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As with many short-nosed dogs, this breed is prone to brachycephalic airway syndrome resulting in respiratory problems. Unfortunately, both Cane Corsos and Bulldogs have short noses, which will often cause them to have trouble breathing.
It is essential to keep their body temperatures down. Dogs usually pant to cool themselves down, but because of their breathing problems, this breed mix has trouble regulating itself.
FAQs about the Cane Corso and Bulldog Mix Dog Breed
What is the Best Mix with Cane Corso?
This answer can be quite subjective. But there is no harm in getting a Cane Corso Mix crossbred with some of the best-behaved dog breeds like a Golden Retriever, a French Bulldog, or a poodle.
How Big Will a Cane Corso Bully Mix Get?
The size of these breeds can vary, but you can expect your pup to be anywhere between 20 to 24 inches tall. They’ll most likely be a beefy boy (or girl) weighing between 50 and 90 pounds too.
Is Cane Corso a Bully Breed?
Yes. Bully breeds come from a rootstock from Ancient Greece called the Molosser. French Bulldogs are also a type of bully breed which is one of the breeds often crossed to make a Cane Corso Bulldog mix.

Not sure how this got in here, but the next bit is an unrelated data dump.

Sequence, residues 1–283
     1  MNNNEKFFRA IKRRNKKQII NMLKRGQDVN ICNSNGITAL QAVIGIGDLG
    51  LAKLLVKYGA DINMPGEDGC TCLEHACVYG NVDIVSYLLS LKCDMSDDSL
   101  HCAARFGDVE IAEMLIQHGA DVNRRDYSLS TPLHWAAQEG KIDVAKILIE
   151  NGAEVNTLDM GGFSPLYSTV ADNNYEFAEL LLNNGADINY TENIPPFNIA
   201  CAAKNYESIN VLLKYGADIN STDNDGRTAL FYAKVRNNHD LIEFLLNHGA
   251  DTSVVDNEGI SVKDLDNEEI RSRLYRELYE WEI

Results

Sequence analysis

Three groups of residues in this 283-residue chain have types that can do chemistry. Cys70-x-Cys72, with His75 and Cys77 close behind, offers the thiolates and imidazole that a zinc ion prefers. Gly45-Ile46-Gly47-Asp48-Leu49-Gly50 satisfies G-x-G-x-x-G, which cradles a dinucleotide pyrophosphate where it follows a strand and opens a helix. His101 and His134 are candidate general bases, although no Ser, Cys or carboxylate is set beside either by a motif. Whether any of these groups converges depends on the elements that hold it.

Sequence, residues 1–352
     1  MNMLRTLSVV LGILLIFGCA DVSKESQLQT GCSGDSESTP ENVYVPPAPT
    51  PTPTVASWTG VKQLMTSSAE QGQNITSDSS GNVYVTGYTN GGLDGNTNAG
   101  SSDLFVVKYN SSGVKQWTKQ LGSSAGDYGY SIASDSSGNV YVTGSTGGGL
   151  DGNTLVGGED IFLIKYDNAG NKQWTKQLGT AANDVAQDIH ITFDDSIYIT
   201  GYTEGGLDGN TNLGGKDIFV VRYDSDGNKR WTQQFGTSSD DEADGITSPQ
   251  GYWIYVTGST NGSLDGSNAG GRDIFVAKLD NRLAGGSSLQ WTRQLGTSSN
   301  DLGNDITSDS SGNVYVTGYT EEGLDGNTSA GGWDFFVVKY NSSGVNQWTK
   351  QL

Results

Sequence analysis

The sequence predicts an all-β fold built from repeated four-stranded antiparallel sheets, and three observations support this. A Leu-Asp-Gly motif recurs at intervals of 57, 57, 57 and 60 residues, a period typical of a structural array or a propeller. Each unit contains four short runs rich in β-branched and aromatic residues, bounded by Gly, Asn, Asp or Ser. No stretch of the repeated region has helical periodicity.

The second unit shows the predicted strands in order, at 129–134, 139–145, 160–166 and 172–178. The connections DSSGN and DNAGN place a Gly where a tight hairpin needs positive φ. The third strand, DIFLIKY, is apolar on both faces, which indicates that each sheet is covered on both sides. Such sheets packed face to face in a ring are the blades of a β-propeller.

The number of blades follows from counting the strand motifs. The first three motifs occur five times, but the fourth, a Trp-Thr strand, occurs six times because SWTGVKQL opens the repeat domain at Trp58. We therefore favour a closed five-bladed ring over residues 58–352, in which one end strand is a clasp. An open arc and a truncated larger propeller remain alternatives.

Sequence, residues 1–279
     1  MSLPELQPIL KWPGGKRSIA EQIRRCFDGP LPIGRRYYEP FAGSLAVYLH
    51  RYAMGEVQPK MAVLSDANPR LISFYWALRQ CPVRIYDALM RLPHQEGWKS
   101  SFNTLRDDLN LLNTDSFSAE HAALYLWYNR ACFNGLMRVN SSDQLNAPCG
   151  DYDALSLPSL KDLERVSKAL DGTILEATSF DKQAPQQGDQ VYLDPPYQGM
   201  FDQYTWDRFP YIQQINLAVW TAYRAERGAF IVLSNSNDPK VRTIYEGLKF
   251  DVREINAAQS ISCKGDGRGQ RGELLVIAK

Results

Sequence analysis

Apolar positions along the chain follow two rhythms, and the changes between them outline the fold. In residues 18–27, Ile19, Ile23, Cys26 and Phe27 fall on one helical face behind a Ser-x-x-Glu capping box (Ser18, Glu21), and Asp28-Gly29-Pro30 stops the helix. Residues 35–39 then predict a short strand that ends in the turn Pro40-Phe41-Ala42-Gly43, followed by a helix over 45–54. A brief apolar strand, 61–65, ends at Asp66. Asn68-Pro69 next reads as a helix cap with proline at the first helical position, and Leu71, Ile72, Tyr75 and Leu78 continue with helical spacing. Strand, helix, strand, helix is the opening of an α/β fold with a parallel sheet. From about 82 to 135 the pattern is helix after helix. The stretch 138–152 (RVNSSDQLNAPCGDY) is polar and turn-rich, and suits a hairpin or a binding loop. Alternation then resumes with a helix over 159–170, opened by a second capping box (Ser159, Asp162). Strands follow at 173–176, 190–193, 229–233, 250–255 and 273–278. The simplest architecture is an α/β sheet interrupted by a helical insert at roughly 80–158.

Is Cane Corso a Good Family Dog?
Yes. Cane Corso’s do very well around families and children as they are very loving, loyal, and affectionate. However, it’s always a good idea to start socializing between three to 4 weeks of age to help them understand how to react around more minor children.
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Is a Bulldog Cane Corso Mix Dog Right For You?
While this breed’s sizes depend on which kind of bulldog they’re crossed with, they need an owner with experience with large dogs. This is because they need early socialization, discipline, and a large space to thrive and be themselves truly.
However, if you’re up for the challenge, you’ll be able to reap the amazing award of a very loving and loyal pet that will not leave your side.